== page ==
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habits: understanding why we do what we do

The Power of Habits: Why we Do What we Do

mindset Mar 10, 2023

The difficult thing about nutrition is that there is an ‘expert’ on every street corner telling you what you ‘should’ be eating.  Especially if you want to lose weight. New diet books on the shelves each week, new research studies and so much focuses on what to eat.  Be it Paleo, keto, sugar-free, low fat – the list goes on.

If you want to improve your nutrition and health I suggest you step back and look at things from another angle.  Instead of focusing so much on what you are eating, start looking at why you are eating certain things in the first place.

A huge part of the why comes down to habits.  Whether it’s the 3 o’clock chocolate fix or the energy drink that becomes a daily event, food habits develop quickly and can lead to energy slumps and weight gain.

To change a habit, it is useful to understand how habits are formed in the first place. Charles Duhigg provides a fascinating overview in his book “The Power of Habit”.

Duhigg outlines the ‘habit loop’, based upon the sequence of cue/routine/reward.    Certain cues are followed by routines, ending in a reward.  Research done in the 1990’s showed that it is this sequence that makes habits so powerful and hard to break because they create neurological cravings.  Once a craving is starting to form and we anticipate the reward, we have a high sense of desire to get that reward.  It is this craving that drives the habit loop.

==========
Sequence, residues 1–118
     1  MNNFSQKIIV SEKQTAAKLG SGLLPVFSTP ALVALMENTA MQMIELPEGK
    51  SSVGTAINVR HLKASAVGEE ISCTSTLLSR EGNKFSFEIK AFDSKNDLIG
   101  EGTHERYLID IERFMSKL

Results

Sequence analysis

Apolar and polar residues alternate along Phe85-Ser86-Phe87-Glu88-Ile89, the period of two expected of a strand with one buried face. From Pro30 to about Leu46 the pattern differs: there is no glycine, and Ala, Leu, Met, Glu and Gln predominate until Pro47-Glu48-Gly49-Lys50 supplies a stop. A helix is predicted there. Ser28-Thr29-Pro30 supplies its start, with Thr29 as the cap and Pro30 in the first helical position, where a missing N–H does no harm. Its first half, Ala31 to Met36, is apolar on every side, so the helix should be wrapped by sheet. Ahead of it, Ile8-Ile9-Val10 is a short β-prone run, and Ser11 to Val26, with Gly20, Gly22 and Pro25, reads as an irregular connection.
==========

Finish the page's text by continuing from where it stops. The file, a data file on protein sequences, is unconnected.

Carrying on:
Most of us can relate to the habits formed eating certain desirable foods.  Think of what happens when you see a box of donuts. If we had never eaten this product then we are unlikely to have any reaction when we see it.  However, once our brain learns that a donut has sugar and carbohydrate (particularly if we like sweet foods) then it will start anticipating the sugar high.  Our brains will push us towards the box.  If we don’t actually eat the donut, we can be left with a feeling of disappointment or anxiety. 

If you want to change a habit, Duhigg suggests that they key is to start recognising the cues and provide the same reward but change the routine.  Think of alternative routines that will satisfy the craving brain and provide a more positive outcome.  For example, a cue might be a 3pm coffee break. The routine of eating a chocolate bar is providing the reward of a burst of energy.  This routine could be changed to a quick walk around the block which would be a much healthier way to get energised.

Looking at not just what you are eating but why you are eating it in the first place is a very powerful way to start changing habits and ultimately change your health.

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